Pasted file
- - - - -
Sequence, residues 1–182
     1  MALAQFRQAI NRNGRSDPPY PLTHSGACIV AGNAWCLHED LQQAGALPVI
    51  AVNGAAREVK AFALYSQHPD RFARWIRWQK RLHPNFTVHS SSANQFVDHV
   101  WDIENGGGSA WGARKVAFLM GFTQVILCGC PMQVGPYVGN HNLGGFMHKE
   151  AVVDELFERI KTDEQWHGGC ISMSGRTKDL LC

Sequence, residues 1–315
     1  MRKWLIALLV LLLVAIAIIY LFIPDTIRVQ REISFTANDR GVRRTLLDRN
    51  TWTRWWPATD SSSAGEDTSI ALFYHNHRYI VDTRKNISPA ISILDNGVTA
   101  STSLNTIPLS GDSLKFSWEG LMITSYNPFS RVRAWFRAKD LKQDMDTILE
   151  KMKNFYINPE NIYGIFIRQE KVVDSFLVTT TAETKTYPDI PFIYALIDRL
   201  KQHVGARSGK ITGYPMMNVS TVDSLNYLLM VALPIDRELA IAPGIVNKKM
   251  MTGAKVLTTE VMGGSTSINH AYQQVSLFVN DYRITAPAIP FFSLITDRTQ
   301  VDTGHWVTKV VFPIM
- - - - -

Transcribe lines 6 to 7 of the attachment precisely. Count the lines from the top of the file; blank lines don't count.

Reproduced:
Sequence, residues 1–315
     1  MRKWLIALLV LLLVAIAIIY LFIPDTIRVQ REISFTANDR GVRRTLLDRN